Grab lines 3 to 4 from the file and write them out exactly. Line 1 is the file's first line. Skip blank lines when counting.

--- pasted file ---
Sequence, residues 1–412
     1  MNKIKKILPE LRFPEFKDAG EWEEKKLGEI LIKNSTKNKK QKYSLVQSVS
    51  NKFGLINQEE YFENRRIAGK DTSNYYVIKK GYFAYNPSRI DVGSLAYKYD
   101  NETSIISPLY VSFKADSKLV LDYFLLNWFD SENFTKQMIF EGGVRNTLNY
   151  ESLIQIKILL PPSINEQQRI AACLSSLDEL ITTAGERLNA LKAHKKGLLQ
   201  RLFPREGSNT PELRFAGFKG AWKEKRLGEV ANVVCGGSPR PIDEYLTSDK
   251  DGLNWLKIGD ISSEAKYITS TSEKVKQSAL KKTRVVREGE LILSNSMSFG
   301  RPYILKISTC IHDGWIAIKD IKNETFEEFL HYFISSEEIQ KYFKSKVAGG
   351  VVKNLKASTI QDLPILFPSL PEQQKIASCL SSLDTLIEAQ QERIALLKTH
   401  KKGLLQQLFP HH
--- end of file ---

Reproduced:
    51  NKFGLINQEE YFENRRIAGK DTSNYYVIKK GYFAYNPSRI DVGSLAYKYD
   101  NETSIISPLY VSFKADSKLV LDYFLLNWFD SENFTKQMIF EGGVRNTLNY